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  10. Have you tried Magnesium at all? Katai can be scary and checked out off of it, I’m being reminded right now since I ran out, and will do things like almost run me over. On it she’s her normal self but just without the checked out reactivity.

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  11. Wow. Just wow. I'm so sorry you're having to deal with this, both the physical injury and the mental causes of it. Thank goodness it was a wood fence instead of something worse like wire. Hopefully this was the wake-up call he needed and you guys reach a positive turning point.

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  12. Oh man, what a rollercoaster of emotions - Hugs!

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  13. Yikes. I've never dealt with anything so simultaneously feral and calculated. I hope he heals well.

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  14. holy shit. what a terrifying and very crazy weekend you guys had. i am sorry you are having to deal with this - and i hope you can find a good end result for both of you.

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  15. I am so sorry you are dealing with this. How very not fun for either one of you. I hope you can find a good end result for you both. I know it is a bit controversial, but I have used depo (at the recommendation of my vet) for an extremely anxious, semi-feral gelding. It helped immensely and kept us both safe while we worked through the basics of learning how to be a functioning equine member of society.

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  16. WHAT THE FUCKERY. I agree with you, this is dangerous behavior and not sane. Also agree with Shauna above with the suggestion of depo. It helped Hampton and is the reason I didn't sell him, or dump him at an auction. lol. not really only half kidding about the auction. But whatever your decision, I support you 100%. Just so frustrated for you because of all the hard work you put in and then he goes and does this.

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  17. Wow, that's scary. I'm so sorry you're dealing with this, but I'm glad he seems to be on the mend.

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  18. Oh my goodness! That poor dumb baby. I cannot imagine how terrifying that was for you to watch.

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  19. Well maybe being a high level jumper isn't in his cards. Yikes.

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  20. Wow - that must have been horrible to watch. Good luck on figuring out the next steps and hope he continues to heal up.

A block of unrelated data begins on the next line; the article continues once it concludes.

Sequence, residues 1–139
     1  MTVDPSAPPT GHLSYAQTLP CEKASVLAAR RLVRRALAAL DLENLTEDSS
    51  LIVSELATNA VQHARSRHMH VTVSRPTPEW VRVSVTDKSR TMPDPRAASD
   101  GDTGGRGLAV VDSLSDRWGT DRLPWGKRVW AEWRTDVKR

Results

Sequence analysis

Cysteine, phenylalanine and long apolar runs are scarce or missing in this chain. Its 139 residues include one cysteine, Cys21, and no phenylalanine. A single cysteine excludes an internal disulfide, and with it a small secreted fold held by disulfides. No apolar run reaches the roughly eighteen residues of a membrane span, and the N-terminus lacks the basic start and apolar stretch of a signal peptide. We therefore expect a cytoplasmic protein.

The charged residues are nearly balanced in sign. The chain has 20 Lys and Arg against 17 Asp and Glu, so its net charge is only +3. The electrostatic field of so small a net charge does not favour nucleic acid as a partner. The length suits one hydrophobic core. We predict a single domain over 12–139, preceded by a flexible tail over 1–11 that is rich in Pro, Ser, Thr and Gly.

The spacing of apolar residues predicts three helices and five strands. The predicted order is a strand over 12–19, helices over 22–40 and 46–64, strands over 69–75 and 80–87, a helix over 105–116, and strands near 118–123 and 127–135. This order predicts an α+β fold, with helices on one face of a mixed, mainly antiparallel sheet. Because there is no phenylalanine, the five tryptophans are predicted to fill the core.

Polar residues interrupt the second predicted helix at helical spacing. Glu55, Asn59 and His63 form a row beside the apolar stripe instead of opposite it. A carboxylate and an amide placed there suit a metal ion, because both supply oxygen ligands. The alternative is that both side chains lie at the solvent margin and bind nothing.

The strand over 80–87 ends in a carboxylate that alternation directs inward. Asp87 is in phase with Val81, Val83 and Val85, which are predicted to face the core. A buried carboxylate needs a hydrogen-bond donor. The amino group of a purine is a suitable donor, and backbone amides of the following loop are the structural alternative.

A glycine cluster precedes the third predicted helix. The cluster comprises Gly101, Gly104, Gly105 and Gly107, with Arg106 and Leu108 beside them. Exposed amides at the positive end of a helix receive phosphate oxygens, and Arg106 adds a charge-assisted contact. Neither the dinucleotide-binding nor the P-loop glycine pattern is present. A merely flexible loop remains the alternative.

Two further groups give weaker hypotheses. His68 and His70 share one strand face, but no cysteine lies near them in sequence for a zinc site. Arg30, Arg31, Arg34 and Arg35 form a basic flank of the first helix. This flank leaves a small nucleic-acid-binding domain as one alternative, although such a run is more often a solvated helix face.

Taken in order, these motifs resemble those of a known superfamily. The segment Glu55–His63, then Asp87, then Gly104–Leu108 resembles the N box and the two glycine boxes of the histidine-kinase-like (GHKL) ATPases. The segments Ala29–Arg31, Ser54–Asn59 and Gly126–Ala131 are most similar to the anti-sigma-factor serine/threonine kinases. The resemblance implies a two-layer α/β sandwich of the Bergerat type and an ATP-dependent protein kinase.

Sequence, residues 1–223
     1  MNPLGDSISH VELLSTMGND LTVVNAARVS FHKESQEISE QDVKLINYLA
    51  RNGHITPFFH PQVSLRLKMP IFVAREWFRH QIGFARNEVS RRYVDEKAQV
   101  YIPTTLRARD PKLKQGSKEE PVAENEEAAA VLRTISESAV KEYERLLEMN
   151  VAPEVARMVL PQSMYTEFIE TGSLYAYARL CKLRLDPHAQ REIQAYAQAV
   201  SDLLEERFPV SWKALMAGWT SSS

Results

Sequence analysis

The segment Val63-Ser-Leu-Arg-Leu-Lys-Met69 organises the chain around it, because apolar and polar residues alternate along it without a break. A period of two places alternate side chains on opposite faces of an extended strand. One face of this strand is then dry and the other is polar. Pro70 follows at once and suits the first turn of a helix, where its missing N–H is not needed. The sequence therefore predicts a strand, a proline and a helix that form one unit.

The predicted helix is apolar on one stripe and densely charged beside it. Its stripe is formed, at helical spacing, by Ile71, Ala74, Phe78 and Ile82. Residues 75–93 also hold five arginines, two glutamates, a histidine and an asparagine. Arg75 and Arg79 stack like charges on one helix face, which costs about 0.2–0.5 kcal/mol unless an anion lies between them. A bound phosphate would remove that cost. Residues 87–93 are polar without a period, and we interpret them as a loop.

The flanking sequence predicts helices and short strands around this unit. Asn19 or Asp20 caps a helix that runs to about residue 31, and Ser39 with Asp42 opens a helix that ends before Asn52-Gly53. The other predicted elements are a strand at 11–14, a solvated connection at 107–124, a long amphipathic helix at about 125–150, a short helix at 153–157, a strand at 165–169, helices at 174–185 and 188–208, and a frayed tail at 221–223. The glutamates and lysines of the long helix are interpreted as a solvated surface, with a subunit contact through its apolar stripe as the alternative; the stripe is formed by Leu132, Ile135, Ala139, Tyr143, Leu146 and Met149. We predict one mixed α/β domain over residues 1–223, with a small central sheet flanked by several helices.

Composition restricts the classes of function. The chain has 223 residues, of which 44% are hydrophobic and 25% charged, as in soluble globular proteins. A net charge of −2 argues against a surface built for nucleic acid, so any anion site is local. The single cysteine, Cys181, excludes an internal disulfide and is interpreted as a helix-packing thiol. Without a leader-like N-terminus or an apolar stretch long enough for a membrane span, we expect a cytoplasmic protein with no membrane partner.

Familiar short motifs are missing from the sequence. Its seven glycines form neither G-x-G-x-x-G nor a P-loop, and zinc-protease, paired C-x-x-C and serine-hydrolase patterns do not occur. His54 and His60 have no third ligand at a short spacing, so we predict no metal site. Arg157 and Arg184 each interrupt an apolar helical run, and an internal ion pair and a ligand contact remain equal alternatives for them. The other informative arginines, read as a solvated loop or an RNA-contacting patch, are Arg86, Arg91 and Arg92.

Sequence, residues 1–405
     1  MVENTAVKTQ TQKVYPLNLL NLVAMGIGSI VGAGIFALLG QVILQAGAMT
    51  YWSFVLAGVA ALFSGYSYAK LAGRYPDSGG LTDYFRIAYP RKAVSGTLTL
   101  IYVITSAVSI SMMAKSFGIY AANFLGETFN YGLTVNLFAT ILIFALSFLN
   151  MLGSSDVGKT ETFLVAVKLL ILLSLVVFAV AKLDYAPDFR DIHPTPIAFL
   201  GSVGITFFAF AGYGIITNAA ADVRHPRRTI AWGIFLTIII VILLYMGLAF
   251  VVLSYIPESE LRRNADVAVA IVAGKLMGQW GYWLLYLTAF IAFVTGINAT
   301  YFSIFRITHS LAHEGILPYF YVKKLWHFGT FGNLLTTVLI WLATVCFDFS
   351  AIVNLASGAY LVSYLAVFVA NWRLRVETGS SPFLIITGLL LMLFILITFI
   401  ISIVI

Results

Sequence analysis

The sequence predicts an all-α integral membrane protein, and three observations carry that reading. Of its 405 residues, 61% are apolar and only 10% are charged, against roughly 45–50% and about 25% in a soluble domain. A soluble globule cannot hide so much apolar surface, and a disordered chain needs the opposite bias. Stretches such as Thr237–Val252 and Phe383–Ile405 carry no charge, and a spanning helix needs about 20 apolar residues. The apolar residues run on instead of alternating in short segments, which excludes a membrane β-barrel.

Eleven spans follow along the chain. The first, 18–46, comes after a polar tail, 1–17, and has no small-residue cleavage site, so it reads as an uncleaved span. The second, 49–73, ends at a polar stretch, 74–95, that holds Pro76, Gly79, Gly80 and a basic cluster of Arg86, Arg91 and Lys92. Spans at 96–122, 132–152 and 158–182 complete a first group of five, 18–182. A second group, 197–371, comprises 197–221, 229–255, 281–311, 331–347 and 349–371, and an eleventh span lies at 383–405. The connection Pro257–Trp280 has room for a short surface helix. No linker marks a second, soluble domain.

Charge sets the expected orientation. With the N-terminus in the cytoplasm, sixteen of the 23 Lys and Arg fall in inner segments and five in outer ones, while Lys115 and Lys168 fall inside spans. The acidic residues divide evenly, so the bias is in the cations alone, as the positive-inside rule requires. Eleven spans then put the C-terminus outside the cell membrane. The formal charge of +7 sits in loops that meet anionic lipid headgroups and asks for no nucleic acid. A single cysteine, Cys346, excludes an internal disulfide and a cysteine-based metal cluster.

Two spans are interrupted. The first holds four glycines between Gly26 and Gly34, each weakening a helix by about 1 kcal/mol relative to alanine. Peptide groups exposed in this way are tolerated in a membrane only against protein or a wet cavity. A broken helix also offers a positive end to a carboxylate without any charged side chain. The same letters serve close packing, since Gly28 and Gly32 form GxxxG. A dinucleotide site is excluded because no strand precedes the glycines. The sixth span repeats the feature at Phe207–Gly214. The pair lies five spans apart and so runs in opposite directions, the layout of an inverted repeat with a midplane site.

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  21. Yikes! What a scary situation! I appreciate your candor and honesty about this — and I hope that Bast heals 110%, whatever his future holds ❤️

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  22. WTF? If you are going to be a nut job, at least clear the fence. I'm sorry this happened. How terrifying to watch and then have to go collect him and assess the damage. Whatever his mental state is, I hope you can break through and come out the other side.

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  23. Oh goodness, that must've been incredibly scary to watch. I hope you can find some answers for Bast!

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  24. How scary!! I'm glad he's on the mend. Sending all the best your way!

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  25. That's super scary! Best wishes for his speedy recovery- mentally and physically.

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  26. Oh no :o even though it is said that Haffies are herdbound, I have never ever seen anything like that with Hafl - or any other horse :( that is really bad and I hope he gets well soon!

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  27. Sh*t Bast! You need to start making better life choices buddy.

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  28. Wow, this was so scary. Carmen can get like this and I've learned that I need to insist that she focus on me and be prepared to be the meanest person around so that she focuses on me. It's hard and I have no idea if it's the same for you but the lack of trust in humans is very very familiar to me.